On this point she brought us back to the Greek situation, that there are still Greeks alive who remember the German invasion in 1941, the damage they did, but were finally defeated. Yet when the war was over, Germany got a right off of its debts, and massive generous loans; Greece got nothing! She related this view to illustrate what she calls “stories” the collective memory and legacy issues, and very little got to do with the current markets. She also cited the examples of the rise of Marine Le Pen in “proud” France, Podemos in “passionate and proud” Spain, UKIP in “stubbornly independent” Great Britain, and Sein Fein in Ireland, etc. etc. 

We covered almost all twenty-eight Member States, and explored many other “stories”. Conclusion; peoples, and the sum of their parts are their long-standing stories.

I thanked her for the perspective, and had to confess that I could understand how she might form this opinion. I said I could give her my view either as an EU citizen or as a Brussels political journalist; she preferred the latter.

 The purpose of journalism, I said, is to report impartially, or analyse critically, whether in print or broadcast, on issues of public interest. I refine that definition in terms of my area more specifically, to focus - again in the public interest, perspectives on politicians, and administrators of the EU on behalf of their boss, the European taxpayer.

Speaking to hardened EU journalists, many now retired, I was surprised to hear them say that from the late eighties onwards, journalists working in Brussels were very “reverential” to the EU project, and were expected to spin in favour of building the European Union. “A world of uncritical sound-bites, bordering on pure propaganda,” one reporter told me, “It is the structure; the ‘Brussels bubble,’ but it was never our job to build the project; we were supposed to keep an eye on things” he said. "If you don’t have a national press badge, it is the EU Commission who vet and accredit journalists, with a lovely EU flag on the badge!”

Not to contradict her impression, I stressed that we had to be careful to separate the politicians from the legion of civil servants. That the EU Brussels corps are no different from the Westminster, or Washington, or even UN bubbles, but I conceded that unlike the USA or UK – the EU is not a sovereign entity. I explained to her, from my perspective, that the current EU is at odds with itself today, two camps, those who dream of a federal union, the new Messiah - and those who champion a non-federal federation.

I agreed with her that many institution staff are very defensive in protecting the Project, because it is all they know. They perhaps have invested all their working lives in it, and frankly would not be able to function in the outside private sector. They are scared of the thing falling apart before they get their pensions. On a political level I have found enthusiasm for the Project particularly strident from representatives from Belgium, the Netherlands, and Luxembourg, for obvious historical reasons I suppose.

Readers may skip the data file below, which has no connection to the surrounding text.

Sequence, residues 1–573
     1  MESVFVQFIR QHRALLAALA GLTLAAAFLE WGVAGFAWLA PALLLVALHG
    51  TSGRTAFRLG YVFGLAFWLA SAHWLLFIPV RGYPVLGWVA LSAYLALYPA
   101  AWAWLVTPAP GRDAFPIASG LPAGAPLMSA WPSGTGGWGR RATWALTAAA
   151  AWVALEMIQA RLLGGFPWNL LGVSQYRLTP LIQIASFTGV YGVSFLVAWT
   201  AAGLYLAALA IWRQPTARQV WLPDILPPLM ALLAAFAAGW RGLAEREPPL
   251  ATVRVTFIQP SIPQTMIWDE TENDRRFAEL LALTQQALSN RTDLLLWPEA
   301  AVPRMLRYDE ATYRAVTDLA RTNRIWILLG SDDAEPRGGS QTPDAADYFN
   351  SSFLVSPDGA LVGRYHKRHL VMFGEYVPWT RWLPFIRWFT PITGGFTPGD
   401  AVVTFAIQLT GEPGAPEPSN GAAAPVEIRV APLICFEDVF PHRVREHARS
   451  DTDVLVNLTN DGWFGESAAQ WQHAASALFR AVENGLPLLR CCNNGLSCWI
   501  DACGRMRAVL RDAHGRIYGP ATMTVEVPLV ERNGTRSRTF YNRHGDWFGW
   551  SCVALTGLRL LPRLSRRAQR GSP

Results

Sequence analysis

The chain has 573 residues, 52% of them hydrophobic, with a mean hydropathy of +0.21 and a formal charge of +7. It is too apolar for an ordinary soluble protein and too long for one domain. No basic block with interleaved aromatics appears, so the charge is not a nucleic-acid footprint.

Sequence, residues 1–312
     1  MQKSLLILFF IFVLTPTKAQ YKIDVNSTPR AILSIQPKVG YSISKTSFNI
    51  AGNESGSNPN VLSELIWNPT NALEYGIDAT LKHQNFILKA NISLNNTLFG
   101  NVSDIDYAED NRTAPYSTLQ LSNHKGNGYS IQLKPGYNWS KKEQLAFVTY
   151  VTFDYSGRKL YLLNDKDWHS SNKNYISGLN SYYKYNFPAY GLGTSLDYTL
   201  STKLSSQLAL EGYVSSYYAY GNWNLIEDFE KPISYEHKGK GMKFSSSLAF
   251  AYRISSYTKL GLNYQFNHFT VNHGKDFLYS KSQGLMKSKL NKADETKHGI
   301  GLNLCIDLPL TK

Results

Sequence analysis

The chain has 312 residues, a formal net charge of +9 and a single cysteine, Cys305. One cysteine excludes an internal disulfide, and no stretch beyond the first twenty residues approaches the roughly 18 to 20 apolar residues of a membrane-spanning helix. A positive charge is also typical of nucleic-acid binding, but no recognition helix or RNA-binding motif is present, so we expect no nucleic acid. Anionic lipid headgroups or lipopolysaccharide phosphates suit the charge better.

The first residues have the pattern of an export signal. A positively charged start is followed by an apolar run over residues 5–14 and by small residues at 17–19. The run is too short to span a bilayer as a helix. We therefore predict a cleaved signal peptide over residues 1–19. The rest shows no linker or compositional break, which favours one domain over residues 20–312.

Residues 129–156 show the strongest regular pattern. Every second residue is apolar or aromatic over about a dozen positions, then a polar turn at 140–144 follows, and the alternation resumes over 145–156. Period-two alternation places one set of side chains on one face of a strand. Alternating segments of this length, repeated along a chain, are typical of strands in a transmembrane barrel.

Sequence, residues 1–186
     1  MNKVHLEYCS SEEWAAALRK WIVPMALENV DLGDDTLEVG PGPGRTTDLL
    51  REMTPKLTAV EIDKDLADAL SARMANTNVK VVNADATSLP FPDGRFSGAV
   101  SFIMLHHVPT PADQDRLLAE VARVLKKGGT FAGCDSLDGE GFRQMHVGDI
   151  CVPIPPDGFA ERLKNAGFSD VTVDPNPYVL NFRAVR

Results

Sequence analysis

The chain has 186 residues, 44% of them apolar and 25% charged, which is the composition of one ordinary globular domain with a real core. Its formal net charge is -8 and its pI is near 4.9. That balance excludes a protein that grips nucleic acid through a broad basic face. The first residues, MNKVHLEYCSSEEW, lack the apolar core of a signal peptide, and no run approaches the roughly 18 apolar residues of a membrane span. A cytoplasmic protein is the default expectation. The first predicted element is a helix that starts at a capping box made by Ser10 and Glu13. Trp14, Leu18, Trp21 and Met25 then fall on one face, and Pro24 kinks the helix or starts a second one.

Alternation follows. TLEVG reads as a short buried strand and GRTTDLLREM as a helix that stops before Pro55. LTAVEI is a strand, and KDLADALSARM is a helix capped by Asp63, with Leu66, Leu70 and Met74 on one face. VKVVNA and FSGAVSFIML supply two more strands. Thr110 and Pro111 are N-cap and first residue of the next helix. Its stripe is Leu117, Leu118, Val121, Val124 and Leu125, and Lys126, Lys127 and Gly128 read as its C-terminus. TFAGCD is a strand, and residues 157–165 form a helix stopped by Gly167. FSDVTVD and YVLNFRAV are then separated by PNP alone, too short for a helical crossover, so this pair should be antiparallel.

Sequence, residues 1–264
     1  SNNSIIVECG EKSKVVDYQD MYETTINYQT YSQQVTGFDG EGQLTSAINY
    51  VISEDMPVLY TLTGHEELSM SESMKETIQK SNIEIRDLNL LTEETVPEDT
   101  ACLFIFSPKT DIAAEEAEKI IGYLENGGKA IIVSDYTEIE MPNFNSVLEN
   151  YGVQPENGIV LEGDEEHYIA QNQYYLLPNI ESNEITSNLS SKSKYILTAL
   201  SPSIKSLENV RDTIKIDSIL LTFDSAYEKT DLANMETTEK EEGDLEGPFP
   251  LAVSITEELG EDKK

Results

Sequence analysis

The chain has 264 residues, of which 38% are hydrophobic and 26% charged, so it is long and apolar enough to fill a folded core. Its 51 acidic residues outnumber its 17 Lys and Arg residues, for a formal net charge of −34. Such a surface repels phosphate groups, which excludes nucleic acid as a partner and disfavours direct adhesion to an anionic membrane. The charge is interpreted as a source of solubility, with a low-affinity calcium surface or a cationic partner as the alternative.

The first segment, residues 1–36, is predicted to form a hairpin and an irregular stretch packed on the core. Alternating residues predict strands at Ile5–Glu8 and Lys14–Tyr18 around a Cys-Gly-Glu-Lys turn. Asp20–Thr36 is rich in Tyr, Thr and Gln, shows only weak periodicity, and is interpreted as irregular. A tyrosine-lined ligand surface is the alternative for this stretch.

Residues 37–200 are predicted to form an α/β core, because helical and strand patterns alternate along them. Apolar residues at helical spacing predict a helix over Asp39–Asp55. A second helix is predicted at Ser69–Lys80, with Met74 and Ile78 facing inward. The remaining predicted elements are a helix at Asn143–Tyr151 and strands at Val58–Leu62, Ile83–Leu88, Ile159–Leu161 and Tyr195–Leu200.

We concluded our engaging meeting with a warm handshake, kisses on the cheek; and exchanged business cards, as one does in the Brussels EU Project.


Disclaimer: EU Spectator is not comparing either the Moonies or Scientology to the EU Institutions - the editor


Jewish Museum of Belgium receives honour awardMartin BanksMartin Banks

Posted 07/04/2015

By Martin Banks

It was an attack that shocked the whole of Belgium and much further afield.

Nearly one year ago, a gunman opened fire at the entrance of the Jewish Museum of Belgium in Brussels, leaving four people dead - two museum workers and an Israeli couple.

Now, the museum, which opened its doors again to the public not long after the atrocity, has been honoured with a special award in the annual awards presented by Visit.Brussels, the tourist authority for the city.

The 24 May attack claimed the lives of Emmanuel Riva, 54, and Myriam Riva, 53, from Tel Aviv, Israel, as well as Dominique Sabrier, 66, a French volunteer at museum and Alexandre Strens, 25, who worked at museum's reception.

In a sign that things are now back to normal, the museum is getting read now to host a major exhibition on photography from April 24 to August 24.

In the longer term, part of the museum, housed in a 19th Century town house in the fashionable Sablon area of Brussels, may be demolished and rebuilt.

French national Mehdi Nemmouche is suspected of having carried out the attack after spending most of 2013 fighting in Syria with Islamist rebels.

In the Visit Brussels awards presented last week, a new prize was added to the list to “honour a partner" that, according to the organisers, "has particularly distinguished itself” in recent months - the Jewish Museum of Belgium.